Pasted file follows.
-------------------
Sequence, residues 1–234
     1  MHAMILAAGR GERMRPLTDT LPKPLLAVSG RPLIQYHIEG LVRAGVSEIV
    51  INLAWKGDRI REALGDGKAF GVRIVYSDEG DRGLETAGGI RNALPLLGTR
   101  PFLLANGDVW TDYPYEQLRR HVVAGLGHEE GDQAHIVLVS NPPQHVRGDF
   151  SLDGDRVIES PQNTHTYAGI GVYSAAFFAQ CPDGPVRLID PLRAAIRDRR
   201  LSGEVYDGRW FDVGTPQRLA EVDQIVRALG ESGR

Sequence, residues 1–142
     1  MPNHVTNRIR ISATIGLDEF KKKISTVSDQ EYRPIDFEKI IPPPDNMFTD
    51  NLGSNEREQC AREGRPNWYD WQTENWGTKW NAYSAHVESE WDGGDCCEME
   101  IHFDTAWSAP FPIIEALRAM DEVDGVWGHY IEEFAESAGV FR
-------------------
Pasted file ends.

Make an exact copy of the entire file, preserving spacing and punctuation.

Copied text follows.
Sequence, residues 1–234
     1  MHAMILAAGR GERMRPLTDT LPKPLLAVSG RPLIQYHIEG LVRAGVSEIV
    51  INLAWKGDRI REALGDGKAF GVRIVYSDEG DRGLETAGGI RNALPLLGTR
   101  PFLLANGDVW TDYPYEQLRR HVVAGLGHEE GDQAHIVLVS NPPQHVRGDF
   151  SLDGDRVIES PQNTHTYAGI GVYSAAFFAQ CPDGPVRLID PLRAAIRDRR
   201  LSGEVYDGRW FDVGTPQRLA EVDQIVRALG ESGR

Sequence, residues 1–142
     1  MPNHVTNRIR ISATIGLDEF KKKISTVSDQ EYRPIDFEKI IPPPDNMFTD
    51  NLGSNEREQC AREGRPNWYD WQTENWGTKW NAYSAHVESE WDGGDCCEME
   101  IHFDTAWSAP FPIIEALRAM DEVDGVWGHY IEEFAESAGV FR